However, it would be possible to talk about everything for a long time, so I'll just share one of the main lessons of my own experience. I am well aware that many people will not like it, but the truth is more expensive. The biggest obstacle on the way to God is popular prejudice against the Church. They are often based on a basic ignorance of church life (not to mention ecclesiology). But they are very militant, and they are distributed purposefully, including with the widespread use of”useful idiots”. This is a technical term (more precisely, slang) from the field of media technologies, meaning that part of the “advanced” (but essentially ignorant) audience that is always ready to pick up and retransmit any information stuffing – completely free of charge and completely uncritically (it is enough only to motivate accordingly: for example, “free thinking”, etc.). So, with regard to the Russian Orthodox Church, the disinformation “hit” is now massive, in all directions. Since I've been working in the media industry for three and a half decades, I can judge this quite professionally. And the point is not at all in some “conspiracy theory”, but in banal and routine (one can say eternal) geopolitical competition. It is no coincidence that the positions of our Western “partners” in this regard can change up to the diametric opposite. So, in 1983, Ronald Reagan declared the USSR an “evil empire” not for its nuclear arsenal, not for state property, etc. – he justified this by saying that the Soviet society rejects Christianity and Christian morality, and the Soviet authorities oppress the Church. Now, on the contrary, they are hammering Russia for allegedly “merging Church and state” and for the fact that there is “too much religion” in Russian society, that “minorities are oppressed” (homosexuals, etc.). The times have changed – the songs have changed, although the goals of competition have remained the same. And one of the strategic tasks that is currently being solved is to create a mass illusion in the Russian population that church membership is not necessary for faith in God. In fact, without the Church and outside of it, you can not come to God at all. Whether we like it or not, there is always a deeper, spiritual level behind all political, economic, and social conflicts. In the words of one of Dostoevsky's heroes, here the devil fights with God, and the battlefield is the hearts of people. Among other things, this means that the battlefield is human freedom: everything unfolds both through it and in it. To decide anything, to choose – a personal matter for everyone. It is only important to understand that the choice is made in the earthly life, and what is its essence:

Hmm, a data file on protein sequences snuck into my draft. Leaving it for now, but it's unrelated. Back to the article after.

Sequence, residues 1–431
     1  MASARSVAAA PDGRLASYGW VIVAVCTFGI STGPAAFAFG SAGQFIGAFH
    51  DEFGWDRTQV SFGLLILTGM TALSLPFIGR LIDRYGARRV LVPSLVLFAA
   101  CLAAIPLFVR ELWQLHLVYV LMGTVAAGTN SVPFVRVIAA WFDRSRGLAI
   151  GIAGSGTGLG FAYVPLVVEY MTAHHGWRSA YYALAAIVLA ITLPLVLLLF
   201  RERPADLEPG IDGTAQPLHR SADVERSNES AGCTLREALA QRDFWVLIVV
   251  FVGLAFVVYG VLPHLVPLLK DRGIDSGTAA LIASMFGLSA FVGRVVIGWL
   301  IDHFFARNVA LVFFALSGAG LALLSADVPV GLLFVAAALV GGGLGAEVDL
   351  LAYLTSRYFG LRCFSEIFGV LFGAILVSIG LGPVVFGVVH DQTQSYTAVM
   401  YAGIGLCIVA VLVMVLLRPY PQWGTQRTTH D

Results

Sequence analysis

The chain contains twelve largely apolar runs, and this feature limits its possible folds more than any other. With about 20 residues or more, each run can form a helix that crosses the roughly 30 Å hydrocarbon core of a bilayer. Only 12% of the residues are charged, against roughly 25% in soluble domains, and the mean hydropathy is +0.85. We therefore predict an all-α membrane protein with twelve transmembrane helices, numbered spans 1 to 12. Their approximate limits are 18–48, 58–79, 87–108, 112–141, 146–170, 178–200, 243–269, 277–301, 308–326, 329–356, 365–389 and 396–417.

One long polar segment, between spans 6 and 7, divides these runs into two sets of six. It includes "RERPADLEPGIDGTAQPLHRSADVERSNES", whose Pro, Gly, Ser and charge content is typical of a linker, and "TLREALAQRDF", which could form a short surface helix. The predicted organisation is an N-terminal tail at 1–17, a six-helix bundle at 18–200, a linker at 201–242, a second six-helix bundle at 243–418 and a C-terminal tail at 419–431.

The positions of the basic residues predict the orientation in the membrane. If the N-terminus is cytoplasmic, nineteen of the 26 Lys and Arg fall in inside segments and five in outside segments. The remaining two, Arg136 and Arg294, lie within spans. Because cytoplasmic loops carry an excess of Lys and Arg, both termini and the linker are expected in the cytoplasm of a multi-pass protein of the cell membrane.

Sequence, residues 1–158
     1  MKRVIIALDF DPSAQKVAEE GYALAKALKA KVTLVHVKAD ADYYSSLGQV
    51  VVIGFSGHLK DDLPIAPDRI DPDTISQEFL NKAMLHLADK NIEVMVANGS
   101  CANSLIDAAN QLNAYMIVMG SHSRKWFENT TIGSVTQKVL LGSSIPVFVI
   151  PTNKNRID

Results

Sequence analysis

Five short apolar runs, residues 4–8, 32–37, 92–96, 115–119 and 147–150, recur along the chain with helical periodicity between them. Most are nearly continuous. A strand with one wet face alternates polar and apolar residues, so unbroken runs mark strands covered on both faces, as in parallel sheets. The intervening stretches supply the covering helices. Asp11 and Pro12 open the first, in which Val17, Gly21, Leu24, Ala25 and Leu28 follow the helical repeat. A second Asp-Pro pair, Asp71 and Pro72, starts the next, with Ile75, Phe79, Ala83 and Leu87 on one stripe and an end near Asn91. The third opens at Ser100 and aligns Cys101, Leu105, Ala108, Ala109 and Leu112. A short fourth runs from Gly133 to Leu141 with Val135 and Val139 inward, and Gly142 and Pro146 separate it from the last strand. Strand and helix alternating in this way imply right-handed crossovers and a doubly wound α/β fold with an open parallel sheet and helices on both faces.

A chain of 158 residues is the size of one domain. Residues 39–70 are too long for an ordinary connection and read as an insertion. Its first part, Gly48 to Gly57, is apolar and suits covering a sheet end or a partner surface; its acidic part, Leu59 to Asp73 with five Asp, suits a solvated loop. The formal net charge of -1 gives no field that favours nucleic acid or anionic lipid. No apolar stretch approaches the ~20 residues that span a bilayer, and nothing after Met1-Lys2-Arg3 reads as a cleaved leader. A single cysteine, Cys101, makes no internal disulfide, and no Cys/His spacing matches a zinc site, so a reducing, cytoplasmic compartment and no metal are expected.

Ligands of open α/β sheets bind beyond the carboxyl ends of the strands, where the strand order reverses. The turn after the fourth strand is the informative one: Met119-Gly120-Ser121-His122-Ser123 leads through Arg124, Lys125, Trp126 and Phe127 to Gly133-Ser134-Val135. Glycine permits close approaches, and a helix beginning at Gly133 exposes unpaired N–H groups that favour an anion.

In hell there is no chance, in fire there is no ford:

    It's up to us, even if we're weak,

    As long as the existence of freedom is given –

    The eternal pledge of fate.

    She's close the closest thing,

    Ty's only way

    From the everyday life of this fleeting life

    To eternal existence.

    Law of Laws, fundamentals basis,

    Any ontologies are the essence of,

    Because there was a Word in the beginning,

    And the first word is ” be!”.

    Who to be, there are always many temptations,

    But with whom to be-always one thing:

    You're either with the devil or with God,

    And the third is not given.

    Well, the path to religious faith… One of the main principles of intellectual freedom is ” question everything.” However, in its consistent form, it looks like this:”question everything, including the doubt itself.” This, of course, is only the first step. But every path starts with the first step.

  3. Because atheism is not fundamentally different from religiosity. It is also based on faith – only the belief that there is no God. Agnosticism is based not on faith, but on knowledge – this is the fundamental difference. The amount of knowledge I have gained over the years supports the theory that there is no God. So I don't believe it. that there is no God, but I know that there is no God. And I am ready to change my point of view if I am provided with evidence to the contrary, which I consider weighty. And again, I will not believe in God, but I will know that he exists.